For several decades after the end of the silent film era, the subject matter of Stowe's novel was judged too sensitive for further film interpretation. In 1946, Metro-Goldwyn-Mayer considered filming the story, but ceased production after protests led by the National Association for the Advancement of Colored People.
A German language version, directed by Géza von Radványi, appeared in 1965 and was presented in the United States by exploitation film presenter Kroger Babb. The most recent film version was a television broadcast in 1987 directed by Stan Lathan and adapted by John Gay. It starred Avery Brooks, Phylicia Rashad, Edward Woodward, Jenny Lewis, Samuel L. Jackson and Endyia Kinney.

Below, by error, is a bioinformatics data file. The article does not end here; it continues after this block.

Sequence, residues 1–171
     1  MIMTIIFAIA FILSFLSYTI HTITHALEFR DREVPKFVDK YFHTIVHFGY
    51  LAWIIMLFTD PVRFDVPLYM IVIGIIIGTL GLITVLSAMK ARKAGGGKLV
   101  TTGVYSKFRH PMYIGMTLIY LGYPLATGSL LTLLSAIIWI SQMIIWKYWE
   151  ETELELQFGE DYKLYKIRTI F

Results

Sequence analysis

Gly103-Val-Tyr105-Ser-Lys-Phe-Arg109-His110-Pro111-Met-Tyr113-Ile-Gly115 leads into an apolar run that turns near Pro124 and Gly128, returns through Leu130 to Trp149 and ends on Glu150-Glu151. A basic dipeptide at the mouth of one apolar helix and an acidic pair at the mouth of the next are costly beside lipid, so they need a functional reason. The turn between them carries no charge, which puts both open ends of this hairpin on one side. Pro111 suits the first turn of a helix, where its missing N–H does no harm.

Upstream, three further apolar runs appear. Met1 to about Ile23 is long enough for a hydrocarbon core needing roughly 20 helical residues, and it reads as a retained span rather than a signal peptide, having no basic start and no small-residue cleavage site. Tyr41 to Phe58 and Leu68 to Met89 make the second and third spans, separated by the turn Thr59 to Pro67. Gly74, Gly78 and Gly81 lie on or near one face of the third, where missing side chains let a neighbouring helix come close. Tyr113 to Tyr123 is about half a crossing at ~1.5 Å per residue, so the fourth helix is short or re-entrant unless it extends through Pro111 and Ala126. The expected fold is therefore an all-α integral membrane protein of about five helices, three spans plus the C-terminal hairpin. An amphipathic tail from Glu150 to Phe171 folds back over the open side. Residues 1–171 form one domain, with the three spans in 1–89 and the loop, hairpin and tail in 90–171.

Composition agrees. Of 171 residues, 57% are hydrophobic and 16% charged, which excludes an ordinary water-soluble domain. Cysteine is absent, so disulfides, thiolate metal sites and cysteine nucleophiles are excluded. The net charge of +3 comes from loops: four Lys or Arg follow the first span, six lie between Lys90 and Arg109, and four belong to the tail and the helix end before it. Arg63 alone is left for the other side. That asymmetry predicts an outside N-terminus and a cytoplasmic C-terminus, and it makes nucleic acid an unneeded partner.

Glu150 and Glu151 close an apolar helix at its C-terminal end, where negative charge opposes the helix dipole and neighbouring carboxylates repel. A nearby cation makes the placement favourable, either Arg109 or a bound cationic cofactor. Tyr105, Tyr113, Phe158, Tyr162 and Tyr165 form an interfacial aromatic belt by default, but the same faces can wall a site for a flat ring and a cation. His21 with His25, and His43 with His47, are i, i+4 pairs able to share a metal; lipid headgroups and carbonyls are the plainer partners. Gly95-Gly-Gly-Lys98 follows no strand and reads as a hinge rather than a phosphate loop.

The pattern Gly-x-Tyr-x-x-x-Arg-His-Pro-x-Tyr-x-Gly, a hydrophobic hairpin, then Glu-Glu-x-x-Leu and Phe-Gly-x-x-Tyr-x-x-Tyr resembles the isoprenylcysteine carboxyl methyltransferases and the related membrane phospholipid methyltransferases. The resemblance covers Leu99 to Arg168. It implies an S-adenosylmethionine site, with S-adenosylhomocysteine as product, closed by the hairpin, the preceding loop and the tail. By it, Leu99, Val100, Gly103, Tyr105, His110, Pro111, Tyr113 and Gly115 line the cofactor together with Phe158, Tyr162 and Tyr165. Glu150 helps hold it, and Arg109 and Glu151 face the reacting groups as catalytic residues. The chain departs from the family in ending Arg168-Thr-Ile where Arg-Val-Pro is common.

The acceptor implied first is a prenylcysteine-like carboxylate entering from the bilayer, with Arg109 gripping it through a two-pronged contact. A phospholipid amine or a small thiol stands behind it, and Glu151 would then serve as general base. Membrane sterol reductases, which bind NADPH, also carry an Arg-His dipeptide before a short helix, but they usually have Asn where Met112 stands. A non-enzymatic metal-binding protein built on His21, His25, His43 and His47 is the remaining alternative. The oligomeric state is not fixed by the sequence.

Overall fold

In addition to film adaptations, versions of Uncle Tom's Cabin have featured in a number of animated cartoons, including Walt Disney's Mickey's Mellerdrammer (1933), which features the classic Disney character performing the play in blackface with exaggerated, orange lips; the Bugs Bunny cartoon Southern Fried Rabbit (1953), where Bugs disguises himself as Uncle Tom and sings My Old Kentucky Home in order to cross the Mason-Dixon line; Uncle Tom's Bungalow (1937), a Warner Brother's cartoon supervised by Tex Avery; Eliza on Ice (1944), one of the earliest Mighty Mouse cartoons produced by Paul Terry; and Uncle Tom's Cabaña (1947), an eight-minute cartoon directed by Tex Avery.